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Texting Addiction: Professors Speak Out, Responses Vary Widely

It seems that many students are paying more attention to their cellphones in class than their professors.

It’s certainly frowned upon, but it seems impossible to find anyone who hasn’t or doesn’t take out their devices during lectures.

But if you’re thinking of bringing your cellphone to Monique Callahan’s class, you might as well stay in bed and watch Netflix. Because if she catches you, the record will show you were not even there.

“When students text throughout the class, they are not mentally present, making it difficult for them to contribute or respect their peers who contribute, said EC English professor Monique Callahan, PhD.

If students text in Callahan’s class, they are marked as absent.

Another Emmanuel professor, Sharon McKechnie, PhD, of the Management department agrees with Callahan’s opinion about texting in the classroom.

“I actually think a lot about texting in class and I have also done some research on it,” McKechnie says. “I don’t allow texting, if someone is texting a lot I will call them out on it.”

Some students at Emmanuel agree with the fact that texting in class can be rude and distract others.

“Texting doesn’t distract me, I just feel like it’s kind of disrespectful to the professor,” says an Emmanuel student who asked to remain anonymous.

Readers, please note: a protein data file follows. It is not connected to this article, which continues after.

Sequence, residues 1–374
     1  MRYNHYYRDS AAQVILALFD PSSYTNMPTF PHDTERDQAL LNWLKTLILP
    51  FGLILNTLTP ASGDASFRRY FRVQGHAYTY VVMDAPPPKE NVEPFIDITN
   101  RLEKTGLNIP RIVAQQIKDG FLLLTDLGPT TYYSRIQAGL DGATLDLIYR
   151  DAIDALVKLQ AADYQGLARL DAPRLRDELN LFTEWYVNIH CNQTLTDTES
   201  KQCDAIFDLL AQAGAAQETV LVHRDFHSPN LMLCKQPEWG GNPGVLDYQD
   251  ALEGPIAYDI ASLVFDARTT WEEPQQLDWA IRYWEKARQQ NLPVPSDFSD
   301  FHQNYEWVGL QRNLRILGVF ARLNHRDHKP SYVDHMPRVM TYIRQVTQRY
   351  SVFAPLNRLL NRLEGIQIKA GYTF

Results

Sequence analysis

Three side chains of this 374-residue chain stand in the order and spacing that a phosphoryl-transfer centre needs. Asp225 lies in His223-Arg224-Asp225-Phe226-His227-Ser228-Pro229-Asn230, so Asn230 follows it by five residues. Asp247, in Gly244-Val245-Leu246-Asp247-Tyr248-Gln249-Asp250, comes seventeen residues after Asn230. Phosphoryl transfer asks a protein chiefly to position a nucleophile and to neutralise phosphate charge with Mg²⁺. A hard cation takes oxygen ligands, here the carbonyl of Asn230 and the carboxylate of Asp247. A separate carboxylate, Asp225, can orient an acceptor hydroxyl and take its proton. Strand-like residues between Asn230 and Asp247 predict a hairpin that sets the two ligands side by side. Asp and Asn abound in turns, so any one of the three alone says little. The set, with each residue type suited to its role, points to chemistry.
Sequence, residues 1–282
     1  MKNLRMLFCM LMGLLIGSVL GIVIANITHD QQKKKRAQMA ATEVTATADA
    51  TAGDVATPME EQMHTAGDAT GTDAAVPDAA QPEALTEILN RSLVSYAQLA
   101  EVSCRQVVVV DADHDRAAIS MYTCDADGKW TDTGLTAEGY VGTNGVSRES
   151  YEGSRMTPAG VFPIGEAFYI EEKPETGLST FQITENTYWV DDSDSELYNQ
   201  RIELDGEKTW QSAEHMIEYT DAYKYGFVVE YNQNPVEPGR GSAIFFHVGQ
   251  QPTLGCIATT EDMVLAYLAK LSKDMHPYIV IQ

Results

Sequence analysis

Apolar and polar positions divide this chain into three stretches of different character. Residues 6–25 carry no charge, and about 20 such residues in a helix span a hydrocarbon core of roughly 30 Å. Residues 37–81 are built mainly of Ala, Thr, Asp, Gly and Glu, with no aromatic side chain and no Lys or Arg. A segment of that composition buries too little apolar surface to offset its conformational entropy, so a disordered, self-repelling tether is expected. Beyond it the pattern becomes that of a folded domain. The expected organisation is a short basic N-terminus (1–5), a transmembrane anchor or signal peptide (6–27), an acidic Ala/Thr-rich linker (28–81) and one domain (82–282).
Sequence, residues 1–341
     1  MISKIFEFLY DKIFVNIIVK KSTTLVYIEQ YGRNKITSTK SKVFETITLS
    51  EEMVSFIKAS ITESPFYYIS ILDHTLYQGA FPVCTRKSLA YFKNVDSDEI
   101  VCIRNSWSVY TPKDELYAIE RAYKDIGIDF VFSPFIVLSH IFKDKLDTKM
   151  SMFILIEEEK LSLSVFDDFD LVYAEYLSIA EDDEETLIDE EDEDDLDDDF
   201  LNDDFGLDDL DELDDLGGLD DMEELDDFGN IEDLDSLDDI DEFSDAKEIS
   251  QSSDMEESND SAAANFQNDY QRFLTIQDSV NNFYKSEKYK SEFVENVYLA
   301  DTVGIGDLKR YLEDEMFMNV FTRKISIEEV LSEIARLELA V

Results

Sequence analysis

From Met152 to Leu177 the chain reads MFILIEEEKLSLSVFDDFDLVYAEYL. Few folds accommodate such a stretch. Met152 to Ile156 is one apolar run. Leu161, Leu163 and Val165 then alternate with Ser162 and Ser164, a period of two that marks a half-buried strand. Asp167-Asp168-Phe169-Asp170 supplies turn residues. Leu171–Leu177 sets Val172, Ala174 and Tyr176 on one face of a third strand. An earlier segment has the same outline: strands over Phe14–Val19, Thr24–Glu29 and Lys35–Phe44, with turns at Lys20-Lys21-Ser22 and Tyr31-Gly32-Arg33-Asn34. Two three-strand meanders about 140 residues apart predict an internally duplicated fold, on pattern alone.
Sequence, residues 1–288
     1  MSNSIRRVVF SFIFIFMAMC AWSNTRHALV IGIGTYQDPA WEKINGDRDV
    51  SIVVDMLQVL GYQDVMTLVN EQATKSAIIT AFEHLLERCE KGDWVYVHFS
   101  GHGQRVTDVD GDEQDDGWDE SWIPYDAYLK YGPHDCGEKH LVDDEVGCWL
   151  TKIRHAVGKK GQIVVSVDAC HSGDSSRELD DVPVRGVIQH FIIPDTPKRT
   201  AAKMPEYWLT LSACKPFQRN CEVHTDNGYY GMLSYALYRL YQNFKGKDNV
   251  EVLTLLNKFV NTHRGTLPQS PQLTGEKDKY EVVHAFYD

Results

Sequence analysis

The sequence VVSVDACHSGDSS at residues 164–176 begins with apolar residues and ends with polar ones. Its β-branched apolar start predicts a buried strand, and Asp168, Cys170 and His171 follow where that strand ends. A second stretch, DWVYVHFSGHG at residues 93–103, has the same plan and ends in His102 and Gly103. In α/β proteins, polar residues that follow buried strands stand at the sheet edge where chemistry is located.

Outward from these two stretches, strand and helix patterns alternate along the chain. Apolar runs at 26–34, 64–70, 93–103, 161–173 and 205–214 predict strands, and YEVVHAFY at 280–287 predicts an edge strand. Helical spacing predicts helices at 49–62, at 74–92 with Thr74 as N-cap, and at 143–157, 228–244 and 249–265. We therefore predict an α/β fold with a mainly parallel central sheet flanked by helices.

An article in the Huffington Post from 2010 entitled 9 Out Of 10 Students Text During Class, Study Shows, asserts that statistics have proven a majority of students have or use their phones in the classroom.


“According to a recent Wilkes University study, 91 percent of students text during class. Two Wilkes psychology professors, Deborah Tindell and Robert Bohlander, circulated a survey that questioned respondents on their text messaging habits and attitudes toward texting in class among 269 students. They found that:

99 percent of students think they should be allowed to have their cell phones in class

95 percent bring phones to the classroom

62 percent believe texting should be allowed in class, provided it doesn’t distract others

Around 10 percent have sent or received texts during exams>

3 percent used texts to cheat during exams”

On the other hand, some professors think it is their fault for not keeping their students engaged.

“When students text in my class, I feel like I’m not doing my job,” said English professor Stace Budzko. “I am accountable to my students. I want to reach each and every one of them.”

A response like that seems uncommon, but it realistically could be the truth. People in general tend to look at their phones when they are thinking of something else or are just bored. So maybe your classmate is texting during your presentation because he/she finds it boring. Even though we would rather not hear that, this could very well be the case.

“It [texting] doesn’t affect my grade at all or note taking. I still ended up with an A+ in the class,” said a sophomore who asked to remain anonymous. “Depending on the situation it can be rude, but I can’t stop texting.”


Posted by on November 20, 2013. Filed under Around Campus. You can follow any responses to this entry through the RSS 2.0. Both comments and pings are currently closed.